[For information on how to get saved, see commentary on Rom. 10:9. For more on the destiny of the unsaved, which is annihilation in the Lake of Fire, see Appendix 5, “Annihilation in the Lake of Fire.” For more on the spiritual battle raging between Good and Evil, see commentary on Luke 4:6.]

“will you not be accepted.” The Hebrew text is idiomatic and basically says: “will it not be lifted up?” The idiom refers to one’s face being lifted up to another if there is acceptance and agreement between you. Cain’s face fell when God rejected his offering (Gen. 4:5), but if he did God’s will his face would be lifted up. But the idiom is not easily understood in English, so many versions put the meaning of the idiom in their translation, as does the REV.

“sin crouches at the door.” The Hebrew word “sin,” usually a feminine noun, is constructed in the masculine here. Thus sin is portrayed as a real thing, an animal of the male gender, and may in this case even be a reference to the masculine noun, “serpent,” which occurs in Genesis 3. That sin is some kind of crouching creature, waiting to spring on its victim, is well portrayed by Everett Fox. He translates verse 7, “If you intend good, bear-it-aloft, but if you do not intend good, at the entrance is sin, a crouching demon, toward you his lust—but you can rule over him.”a

The NIV Study Bible text note on Genesis 4:7 says, “The Hebrew word for ‘crouching’ is the same as an ancient Babylonian word referring to an evil demon crouching at the door of a building to threaten the people inside.” Although the Devil and demons are always on the alert to be able to afflict people who turn away from God and godliness, there is an important truth in the Sin-Demon being at the door. Godly people can cleanse their houses of demonic materials and faithfully pray for the holiness and protection of their house, and that can keep demons from being able to enter, but demons may sometimes “wait at the door,” hanging around and waiting to find ways to afflict the inhabitants. God warned Cain about his sin and what could happen if he did not repent, but Cain ignored God’s warning and turned to the Devil for support and became “of that wicked one” (1 John 3:12). Cain committed the unforgivable sin, which is why he could not be forgiven, and he knew it (Gen. 4:13). When a concept like sin is portrayed as an animal, that is the figure of speech zoomorphism.

[For more on zoomorphism and personification, see commentary on Prov. 1:20. For more on the unforgivable sin, see commentary on Matt. 12:31.]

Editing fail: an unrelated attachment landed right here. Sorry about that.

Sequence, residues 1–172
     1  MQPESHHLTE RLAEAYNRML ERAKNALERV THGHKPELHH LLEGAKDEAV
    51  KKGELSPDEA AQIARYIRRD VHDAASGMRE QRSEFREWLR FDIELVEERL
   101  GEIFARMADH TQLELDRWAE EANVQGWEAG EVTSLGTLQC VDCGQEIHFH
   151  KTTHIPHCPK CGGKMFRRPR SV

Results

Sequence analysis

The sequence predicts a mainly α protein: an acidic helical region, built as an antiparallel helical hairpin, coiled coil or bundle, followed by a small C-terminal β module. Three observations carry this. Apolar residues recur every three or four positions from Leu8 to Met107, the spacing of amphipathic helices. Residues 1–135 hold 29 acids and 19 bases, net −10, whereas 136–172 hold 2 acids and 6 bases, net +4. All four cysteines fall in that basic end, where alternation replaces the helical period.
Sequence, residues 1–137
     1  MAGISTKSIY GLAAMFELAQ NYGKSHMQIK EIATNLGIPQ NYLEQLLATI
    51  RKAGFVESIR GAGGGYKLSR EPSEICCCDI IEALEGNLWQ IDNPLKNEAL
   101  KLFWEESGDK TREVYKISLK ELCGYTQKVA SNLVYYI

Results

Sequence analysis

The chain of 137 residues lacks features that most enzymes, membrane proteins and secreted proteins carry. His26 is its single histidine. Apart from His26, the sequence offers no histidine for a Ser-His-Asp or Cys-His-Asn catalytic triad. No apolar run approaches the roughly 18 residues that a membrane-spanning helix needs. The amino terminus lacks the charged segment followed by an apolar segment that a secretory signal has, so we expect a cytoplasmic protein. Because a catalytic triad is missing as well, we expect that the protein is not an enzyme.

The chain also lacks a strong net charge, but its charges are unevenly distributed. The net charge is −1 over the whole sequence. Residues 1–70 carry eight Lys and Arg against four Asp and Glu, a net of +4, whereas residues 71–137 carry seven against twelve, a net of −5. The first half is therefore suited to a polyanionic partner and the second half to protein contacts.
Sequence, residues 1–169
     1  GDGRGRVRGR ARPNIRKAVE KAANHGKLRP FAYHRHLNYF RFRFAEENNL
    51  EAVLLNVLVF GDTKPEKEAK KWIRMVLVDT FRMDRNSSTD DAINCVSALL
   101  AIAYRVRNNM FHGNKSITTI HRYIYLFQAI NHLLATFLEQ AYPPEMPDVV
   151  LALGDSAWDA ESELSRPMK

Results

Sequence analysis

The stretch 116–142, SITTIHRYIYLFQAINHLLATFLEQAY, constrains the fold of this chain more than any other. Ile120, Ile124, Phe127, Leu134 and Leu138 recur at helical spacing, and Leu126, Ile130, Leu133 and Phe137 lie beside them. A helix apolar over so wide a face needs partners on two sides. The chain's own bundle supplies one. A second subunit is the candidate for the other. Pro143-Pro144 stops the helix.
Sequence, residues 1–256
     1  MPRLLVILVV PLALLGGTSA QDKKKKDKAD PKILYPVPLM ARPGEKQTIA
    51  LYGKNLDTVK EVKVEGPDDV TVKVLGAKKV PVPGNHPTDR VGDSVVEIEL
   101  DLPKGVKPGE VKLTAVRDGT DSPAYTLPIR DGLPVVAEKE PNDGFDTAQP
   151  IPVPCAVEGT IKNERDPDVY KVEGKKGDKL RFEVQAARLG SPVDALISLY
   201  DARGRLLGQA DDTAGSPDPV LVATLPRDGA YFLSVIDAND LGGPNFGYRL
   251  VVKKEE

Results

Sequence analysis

Everett Fox, The Schocken Bible: The Five Books of Moses.
Gen 4:8

“Let’s go out into the field.” The phrase, “Let’s go out into the field” was dropped out of the Hebrew text by copyists, and does not appear in many versions. It has been properly restored in many modern versions from the Septuagint and Aramaic (cp. BBE; CEB; HCSB; NAB; NET; NIV; NJB; NLT; NRSV; RSV). There is a good chance that in his parable about the good and bad seed (Matt. 13:24-30, 36-43), Jesus took the illustration that “the field is the world” (Matt. 13:39) from the fact that Cain murdered Abel in the field.

“Cain rose up against Abel his brother and killed him.” Cain, the first son of Adam and Eve, was the first person to commit the unforgivable sin (Matt. 12:31-32) and become a child of the Devil. Cain became a child of the Devil by committing blasphemy against God in the time between Genesis 4:7 and 4:8. In Genesis 4:2-6, Cain had not given his best to God, and as a result, his sacrifice was not accepted. However, in Genesis 4:7, God told Cain that he could be accepted if he did “well,” i.e., did what God and wisdom directed. God also warned Cain that sin was close by, ready to pounce if it was given an opportunity. By portraying sin as a creature ready to pounce on Cain, God did His best to warn Cain, and us, of the Enemy that is always present and trying to turn us away from Him.

As late as Genesis 4:7, Cain could have repented and come back to God, but he did not. Instead of recognizing his sin and humbling himself to God, he arrogantly turned to the Devil as his god. After Genesis 4:7 God never again told Cain that there was a door of forgiveness and acceptance available to him. The New Testament lets us know that Cain became a child of the Devil: “Not as Cain, who was of that wicked one, and slew his brother. And wherefore slew he him? Because his own works were evil, and his brother’s righteous” (1 John 3:12 KJV). Thus, Cain was a child of the Devil when he murdered Abel, and murder is one of the things children of the Devil do to people who oppose them. The High Priest and his henchmen were children of the Devil and they wanted to murder Jesus Christ (John 8:37, 44).

Cain premeditated his murder of Abel, which is why he invited Abel into the field to get him away from the protection of the family (Gen. 4:8). Then, after murdering Abel, Cain lied to God about it and said he did not know where Abel was (Gen. 4:9), and lying is another one of the Devil’s primary traits, in fact, the word “Devil” means “slanderer,” and the Devil is the “father of lies” (John 8:44).